No other artist painted the horror of the Holocaust from the inside like Felix Nussbaum. Born December 11, 1904, Nussbaum and his family met their end at Auschwitz in 1944 after more than a decade of cheating death at the hands of the Nazis. When Nussbaum painted The Refugee (above, from 1939), he already knew what fate held in store for him and the rest of the Jews of Europe. Using the Surrealist style he developed over years of study, Nussbaum presents the surreal realization of madness on a global scale. The man sitting at the end of the long table opposite the globe that dominates the room knows there is no escape. The room itself seems like a prison cell. Outside, the trees are bare and black ravens circle ominously. Nussbaum found himself a refugee with no hope of refuge, trapped within the Europe of his birth and doomed by a religion he never fully embraced. The sense of anguish and despair is palpable, even without seeing the man’s face.
Nussbaum fought back against Nazi ideas about race and art early on. When the Nazis staged their infamous “Degenerate Art” exhibition, Nussbaum contributed works to a counter-exhibition. In 1940, the Nazis captured Nussbaum and his wife and placed them in a concentration camp in the south of France. Two years later, the Nussbaums escaped and fled to Belgium. During that time, friends helped Nussbaum hide and provided him with paints and canvases, with which he painted works such as Self-Portrait with Jewish Passport (above, from 1943). Nussbaum paints himself as clearly the hunted rather than the hunter. Although he never actually wore in public the Star of David badge imposed on Jews by the Nazis, Nussbaum holds the star in this self-portrait, along with the passport that could never be used to escape. One month before the Allies liberated Brussels, the Nussbaums were captured again and eventually sent to Auschwitz.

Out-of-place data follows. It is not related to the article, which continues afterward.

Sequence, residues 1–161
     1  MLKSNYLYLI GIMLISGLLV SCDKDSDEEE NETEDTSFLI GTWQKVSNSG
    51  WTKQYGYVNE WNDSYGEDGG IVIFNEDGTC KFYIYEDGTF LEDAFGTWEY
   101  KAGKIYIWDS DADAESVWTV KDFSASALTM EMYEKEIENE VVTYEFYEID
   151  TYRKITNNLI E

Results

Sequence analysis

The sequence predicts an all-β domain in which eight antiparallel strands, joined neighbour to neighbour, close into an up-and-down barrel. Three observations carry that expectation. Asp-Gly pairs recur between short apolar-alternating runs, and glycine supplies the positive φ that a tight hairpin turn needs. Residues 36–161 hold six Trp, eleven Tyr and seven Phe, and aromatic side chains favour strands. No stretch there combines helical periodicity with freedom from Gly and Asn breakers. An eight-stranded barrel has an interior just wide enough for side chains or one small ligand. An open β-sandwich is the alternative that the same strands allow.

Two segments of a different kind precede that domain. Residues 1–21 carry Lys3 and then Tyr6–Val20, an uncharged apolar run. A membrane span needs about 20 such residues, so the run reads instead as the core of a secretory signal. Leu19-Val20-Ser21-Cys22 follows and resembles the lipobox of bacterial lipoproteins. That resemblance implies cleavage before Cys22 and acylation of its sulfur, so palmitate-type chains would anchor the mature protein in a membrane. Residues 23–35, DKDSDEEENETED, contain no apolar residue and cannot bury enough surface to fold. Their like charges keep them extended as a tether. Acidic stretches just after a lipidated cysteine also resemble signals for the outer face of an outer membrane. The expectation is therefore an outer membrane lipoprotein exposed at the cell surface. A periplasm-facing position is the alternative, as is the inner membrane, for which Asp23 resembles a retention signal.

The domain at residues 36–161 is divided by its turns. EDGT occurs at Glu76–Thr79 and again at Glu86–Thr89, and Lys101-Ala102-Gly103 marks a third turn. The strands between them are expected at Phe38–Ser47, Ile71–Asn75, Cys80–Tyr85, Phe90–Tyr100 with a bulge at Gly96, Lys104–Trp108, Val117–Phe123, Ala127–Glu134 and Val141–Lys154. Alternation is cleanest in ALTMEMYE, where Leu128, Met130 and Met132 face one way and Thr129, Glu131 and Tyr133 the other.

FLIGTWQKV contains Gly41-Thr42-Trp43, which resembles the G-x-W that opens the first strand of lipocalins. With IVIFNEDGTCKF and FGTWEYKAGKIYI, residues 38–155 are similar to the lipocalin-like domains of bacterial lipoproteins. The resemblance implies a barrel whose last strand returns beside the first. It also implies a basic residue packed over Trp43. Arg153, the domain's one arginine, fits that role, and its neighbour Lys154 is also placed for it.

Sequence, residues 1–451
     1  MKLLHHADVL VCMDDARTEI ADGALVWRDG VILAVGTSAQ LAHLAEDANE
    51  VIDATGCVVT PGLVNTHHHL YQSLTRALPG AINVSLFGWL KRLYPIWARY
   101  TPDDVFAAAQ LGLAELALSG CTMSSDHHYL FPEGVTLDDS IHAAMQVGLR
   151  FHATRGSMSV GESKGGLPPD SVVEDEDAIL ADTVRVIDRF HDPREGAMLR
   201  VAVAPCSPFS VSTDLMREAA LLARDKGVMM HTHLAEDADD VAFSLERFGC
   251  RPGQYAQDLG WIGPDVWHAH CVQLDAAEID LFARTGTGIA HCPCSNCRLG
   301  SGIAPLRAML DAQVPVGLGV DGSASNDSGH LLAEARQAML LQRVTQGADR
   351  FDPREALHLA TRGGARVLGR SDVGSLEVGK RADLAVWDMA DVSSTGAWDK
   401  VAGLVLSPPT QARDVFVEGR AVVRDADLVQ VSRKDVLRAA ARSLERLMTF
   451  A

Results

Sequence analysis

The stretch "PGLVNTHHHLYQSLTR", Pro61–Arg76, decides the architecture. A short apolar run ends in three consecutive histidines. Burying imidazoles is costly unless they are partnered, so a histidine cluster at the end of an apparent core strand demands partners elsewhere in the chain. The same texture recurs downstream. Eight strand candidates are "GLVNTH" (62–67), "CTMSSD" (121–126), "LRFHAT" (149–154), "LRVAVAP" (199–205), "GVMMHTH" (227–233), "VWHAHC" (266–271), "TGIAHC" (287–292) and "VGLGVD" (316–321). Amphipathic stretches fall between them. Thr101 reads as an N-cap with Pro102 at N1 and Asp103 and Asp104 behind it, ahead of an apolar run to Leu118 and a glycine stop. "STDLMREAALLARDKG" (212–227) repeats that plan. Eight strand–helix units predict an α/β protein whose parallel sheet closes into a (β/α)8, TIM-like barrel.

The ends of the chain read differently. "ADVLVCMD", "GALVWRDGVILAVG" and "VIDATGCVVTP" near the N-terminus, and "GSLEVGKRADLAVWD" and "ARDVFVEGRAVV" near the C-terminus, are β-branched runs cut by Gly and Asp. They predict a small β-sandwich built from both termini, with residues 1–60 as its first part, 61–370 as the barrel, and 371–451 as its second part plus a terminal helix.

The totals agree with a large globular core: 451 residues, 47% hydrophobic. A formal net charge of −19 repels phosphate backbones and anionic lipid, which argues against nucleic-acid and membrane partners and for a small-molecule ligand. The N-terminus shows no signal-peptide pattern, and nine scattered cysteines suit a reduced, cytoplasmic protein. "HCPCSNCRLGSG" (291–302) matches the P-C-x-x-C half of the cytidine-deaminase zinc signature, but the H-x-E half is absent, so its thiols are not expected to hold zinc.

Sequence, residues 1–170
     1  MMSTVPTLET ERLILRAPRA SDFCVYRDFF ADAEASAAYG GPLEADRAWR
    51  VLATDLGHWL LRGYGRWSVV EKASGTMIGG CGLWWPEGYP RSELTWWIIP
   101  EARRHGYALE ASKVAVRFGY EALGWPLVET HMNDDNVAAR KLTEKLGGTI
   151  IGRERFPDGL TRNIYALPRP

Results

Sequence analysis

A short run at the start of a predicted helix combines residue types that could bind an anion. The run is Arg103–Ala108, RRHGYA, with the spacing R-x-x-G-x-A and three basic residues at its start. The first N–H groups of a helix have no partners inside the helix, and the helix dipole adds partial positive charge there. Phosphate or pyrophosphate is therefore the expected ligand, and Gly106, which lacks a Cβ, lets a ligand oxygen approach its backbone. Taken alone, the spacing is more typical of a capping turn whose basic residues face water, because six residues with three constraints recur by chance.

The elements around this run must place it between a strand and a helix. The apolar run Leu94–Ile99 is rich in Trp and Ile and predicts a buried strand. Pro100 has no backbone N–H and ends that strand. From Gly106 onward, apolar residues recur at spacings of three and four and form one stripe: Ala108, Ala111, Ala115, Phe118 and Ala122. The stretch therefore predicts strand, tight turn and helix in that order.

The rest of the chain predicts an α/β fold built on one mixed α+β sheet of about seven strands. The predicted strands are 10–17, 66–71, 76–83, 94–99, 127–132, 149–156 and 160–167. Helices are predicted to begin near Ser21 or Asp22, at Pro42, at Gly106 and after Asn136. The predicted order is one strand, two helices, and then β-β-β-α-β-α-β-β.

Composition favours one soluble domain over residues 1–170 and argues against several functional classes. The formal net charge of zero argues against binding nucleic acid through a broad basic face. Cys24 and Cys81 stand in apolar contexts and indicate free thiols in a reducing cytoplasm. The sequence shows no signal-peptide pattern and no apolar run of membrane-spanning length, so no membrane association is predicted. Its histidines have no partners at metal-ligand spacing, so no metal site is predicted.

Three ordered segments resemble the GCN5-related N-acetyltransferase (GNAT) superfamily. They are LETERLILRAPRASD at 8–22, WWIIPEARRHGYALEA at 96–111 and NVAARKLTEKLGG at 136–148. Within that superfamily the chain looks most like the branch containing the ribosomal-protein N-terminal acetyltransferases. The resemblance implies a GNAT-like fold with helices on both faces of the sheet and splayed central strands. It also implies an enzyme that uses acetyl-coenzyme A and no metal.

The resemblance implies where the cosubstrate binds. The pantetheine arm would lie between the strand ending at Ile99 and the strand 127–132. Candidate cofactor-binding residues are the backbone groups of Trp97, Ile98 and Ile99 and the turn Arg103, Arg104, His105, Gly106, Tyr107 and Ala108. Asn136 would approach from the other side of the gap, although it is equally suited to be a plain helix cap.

Nussbaum painted many works of his time in the camps during his years of freedom, including In the Camp (above, from 1944). These brutal, dehumanizing scenes show life in the camps with almost documentary accuracy. The surreal landscapes of Giorgio de Chirico, one of Nussbaum’s early heroes, take an even more sinister turn in these paintings. Perhaps only a Surrealist painter could approximate the upside down world of the Holocaust, where reason itself ceased to exist. The man who held his head in his hands in The Refugee in 1939 returns to face his final days. Sadly, Nussbaum’s work was forgotten after the war. His reputation almost died with him. Not until 1971 were his surviving works exhibited again. Nussbaum’s reputation soon spread and a museum was built in his native Osnabruck in 1998. “Never forget” has become the mantra of those who keep alive the memory of those who suffered through the Holocaust and who dedicate themselves to never letting it happen again. Felix Nussbaum never flinched from the sight of his oncoming destruction and painted works that will always remind us of his courage and the need to indeed never forget.